“Children begin by loving their parents; after a time they judge them; rarely, if ever, do they forgive them.”
Irish writer Oscar Wilde (1854-1900) said it, but we really didn’t need him to tell us. Anyone who’s been a child or a parent knows it.
The only thing Wilde got wrong was that most of us eventually understand our parents and forgive them. It’s part of growing up.
When you’re a small child, your parents seem omniscient. They set your standards of what is real and what is right. As you get older, however, you realize that they don’t know everything. Sometimes they make mistakes. Sometimes they even do things that are wrong.
With that realization, we are bitterly disappointed. The people we believed were perfect turned out to be flawed and human. And like most disillusioned true believers, we react with anger. It’s the beginning of adolescent rebellion.
From believing that our parents were always right, we go to the opposite extreme of believing that they are always wrong. We think that they don’t know anything. They are vain, uncaring, dishonest, and evil. They are hypocrites who find fault with others (mainly us) but who don’t live by the high ideals they profess. Screams of “I hate you I hate you I hate you!” grace many such discussions between parents and their teenaged children.
Eventually, we grow out of our adolescent rebellion. We realize that we are just as flawed as our parents. As the years pass, we make plenty of mistakes. We sometimes fail to live up to our ideals. We sometimes hurt others. If we’re decent people, we regret all of it. We start to see our parents in a different light: a light that is kinder and more understanding.
We realize that if there are any perfect people on the planet, we’ll never meet one. They’re too rare. The rest of us are just trying to do our best, and all too often failing at it.
And in that moment, we forgive our parents.
We accept them with all their flaws and virtues, as the real people they are. We accept them as people who tried to do their best for us, even if they didn’t always get it right. And if we’re lucky, we love them for it.
I see the same thing happening to America on a national scale. Baby boomers were the first generation that never grew out of its adolescent rebellion. It was a rebellion not just against their parents, but against everything their parents respected and loved. A country. A culture. A history. A way of life.
All of those things were imperfect. The boomers’ parents admitted as much, but argued that they were more good than bad.
Such nuanced arguments could not be heard over the din of “I hate you I hate you I hate you!”
And since the parents themselves were increasingly troubled by the flaws in America, they didn’t come down hard on the boomers, as their own parents would have — and did — decades earlier.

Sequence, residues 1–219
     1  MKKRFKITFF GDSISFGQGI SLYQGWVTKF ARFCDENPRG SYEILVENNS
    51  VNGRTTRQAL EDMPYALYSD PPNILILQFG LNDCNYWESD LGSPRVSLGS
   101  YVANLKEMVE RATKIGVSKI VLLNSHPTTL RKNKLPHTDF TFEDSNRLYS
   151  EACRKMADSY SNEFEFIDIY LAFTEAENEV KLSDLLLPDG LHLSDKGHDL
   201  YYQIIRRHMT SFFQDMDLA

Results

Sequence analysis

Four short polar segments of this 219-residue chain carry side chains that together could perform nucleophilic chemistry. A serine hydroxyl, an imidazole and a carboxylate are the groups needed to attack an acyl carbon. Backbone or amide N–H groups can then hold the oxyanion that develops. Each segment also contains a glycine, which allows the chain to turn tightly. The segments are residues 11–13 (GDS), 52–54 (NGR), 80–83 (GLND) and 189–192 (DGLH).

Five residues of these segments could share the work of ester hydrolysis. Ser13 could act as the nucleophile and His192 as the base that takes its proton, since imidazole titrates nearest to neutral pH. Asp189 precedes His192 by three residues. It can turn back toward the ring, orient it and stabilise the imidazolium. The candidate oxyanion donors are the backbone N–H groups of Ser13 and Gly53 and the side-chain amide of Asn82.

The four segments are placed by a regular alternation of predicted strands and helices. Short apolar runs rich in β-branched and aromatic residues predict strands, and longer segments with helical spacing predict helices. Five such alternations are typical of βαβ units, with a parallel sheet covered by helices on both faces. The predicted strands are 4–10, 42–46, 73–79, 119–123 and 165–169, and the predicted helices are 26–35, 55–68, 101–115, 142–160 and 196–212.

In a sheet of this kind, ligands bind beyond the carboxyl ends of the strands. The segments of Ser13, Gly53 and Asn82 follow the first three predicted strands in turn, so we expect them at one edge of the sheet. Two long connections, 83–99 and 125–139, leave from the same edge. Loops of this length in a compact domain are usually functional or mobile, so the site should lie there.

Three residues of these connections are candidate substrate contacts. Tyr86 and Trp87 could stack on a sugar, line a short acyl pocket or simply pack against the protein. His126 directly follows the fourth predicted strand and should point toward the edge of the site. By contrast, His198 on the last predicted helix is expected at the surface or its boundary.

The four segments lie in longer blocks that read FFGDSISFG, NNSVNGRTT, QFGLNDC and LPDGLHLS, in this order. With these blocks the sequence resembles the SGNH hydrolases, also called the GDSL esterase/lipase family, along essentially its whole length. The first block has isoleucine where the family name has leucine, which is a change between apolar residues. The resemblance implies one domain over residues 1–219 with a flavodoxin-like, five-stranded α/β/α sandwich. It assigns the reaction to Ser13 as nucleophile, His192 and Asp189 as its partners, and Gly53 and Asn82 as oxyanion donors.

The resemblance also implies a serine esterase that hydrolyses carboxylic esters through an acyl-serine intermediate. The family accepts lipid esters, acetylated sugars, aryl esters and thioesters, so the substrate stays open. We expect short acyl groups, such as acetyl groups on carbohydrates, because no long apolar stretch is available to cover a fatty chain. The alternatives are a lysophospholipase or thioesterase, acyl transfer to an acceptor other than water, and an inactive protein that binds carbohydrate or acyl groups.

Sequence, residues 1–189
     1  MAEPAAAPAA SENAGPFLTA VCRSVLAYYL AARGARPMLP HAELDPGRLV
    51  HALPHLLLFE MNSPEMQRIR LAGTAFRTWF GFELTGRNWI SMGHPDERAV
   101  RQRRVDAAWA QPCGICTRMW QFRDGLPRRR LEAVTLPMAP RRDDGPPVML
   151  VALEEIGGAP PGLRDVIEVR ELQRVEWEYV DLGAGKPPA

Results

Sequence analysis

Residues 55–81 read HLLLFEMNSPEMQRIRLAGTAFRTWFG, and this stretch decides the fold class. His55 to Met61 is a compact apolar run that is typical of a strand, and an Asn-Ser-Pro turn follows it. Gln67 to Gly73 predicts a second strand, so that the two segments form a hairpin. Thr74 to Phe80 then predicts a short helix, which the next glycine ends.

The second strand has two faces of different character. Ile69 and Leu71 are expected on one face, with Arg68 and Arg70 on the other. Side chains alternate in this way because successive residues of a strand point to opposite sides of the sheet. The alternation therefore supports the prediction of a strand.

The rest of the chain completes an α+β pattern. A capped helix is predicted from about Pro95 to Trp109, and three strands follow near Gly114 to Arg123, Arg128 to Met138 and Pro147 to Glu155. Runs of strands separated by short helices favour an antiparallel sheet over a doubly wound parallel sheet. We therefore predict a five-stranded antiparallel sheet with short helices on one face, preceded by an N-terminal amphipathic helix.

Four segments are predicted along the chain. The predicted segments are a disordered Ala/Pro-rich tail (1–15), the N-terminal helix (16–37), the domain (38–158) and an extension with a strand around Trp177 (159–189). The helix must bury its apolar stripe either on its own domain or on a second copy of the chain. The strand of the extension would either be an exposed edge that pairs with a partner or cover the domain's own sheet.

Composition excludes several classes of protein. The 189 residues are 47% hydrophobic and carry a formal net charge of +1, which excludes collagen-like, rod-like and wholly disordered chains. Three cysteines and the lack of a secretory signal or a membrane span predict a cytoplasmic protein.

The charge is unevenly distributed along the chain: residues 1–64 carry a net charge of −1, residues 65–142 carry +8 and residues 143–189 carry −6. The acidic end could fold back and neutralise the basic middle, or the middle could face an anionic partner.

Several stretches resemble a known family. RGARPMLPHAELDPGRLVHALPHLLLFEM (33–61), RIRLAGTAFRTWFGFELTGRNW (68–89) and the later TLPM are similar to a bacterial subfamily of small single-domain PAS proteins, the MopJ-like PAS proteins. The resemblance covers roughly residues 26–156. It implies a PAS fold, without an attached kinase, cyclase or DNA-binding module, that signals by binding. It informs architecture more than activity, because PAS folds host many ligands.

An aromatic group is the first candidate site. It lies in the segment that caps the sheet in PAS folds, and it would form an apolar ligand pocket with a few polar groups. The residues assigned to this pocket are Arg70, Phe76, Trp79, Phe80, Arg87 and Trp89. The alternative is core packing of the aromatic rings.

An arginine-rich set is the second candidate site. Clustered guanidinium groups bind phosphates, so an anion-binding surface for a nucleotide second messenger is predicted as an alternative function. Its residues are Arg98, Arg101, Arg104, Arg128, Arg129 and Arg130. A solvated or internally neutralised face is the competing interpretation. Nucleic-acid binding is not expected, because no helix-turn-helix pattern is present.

As a result, many boomers never grew out of their adolescent rebellion. They never accepted their parents as good but flawed human beings. They never accepted America as a good but flawed country. They never grew up enough to understand. They never got past “I hate you I hate you I hate you!” That shaped their view of the world.
Then they went into government, teaching, and the news media. The story they told was derived from their arrested development. Instead of seeing America as a good country that was trying to correct its flaws, they saw it as an evil country that was defined by its flaws.
They taught their viewpoint to Millennials, many of whom believe as a result that anyone who disagrees with them is a “Nazi” and a legitimate target for violent attack.
If you live in a good country that is trying to correct its flaws, the sensible thing is to help it succeed.
If you live in an evil country that is beyond redemption, the sensible thing is to destroy it. Then you can try to replace it with the utopia you see in your head.
The fact that such a utopia has never existed on earth won’t bother you, because your teachers misled you with politically correct ideology instead of teaching you any actual history.
The fact that you support violence against people simply for having their own opinions won’t bother you, because you can’t distinguish between actions and ideas.
The fact that every society is imperfect because human beings are imperfect won’t bother you, because you never learned to think beyond your feelings at any given moment.
And your still-adolescent mentors, all of them now pushing ages 60, 70, or 80, will cheer you on as you help them destroy the civilization bequeathed to you by their hated and imperfect parents.
Dr. Freud, please call your office. Civilization’s discontents are reaching a critical stage.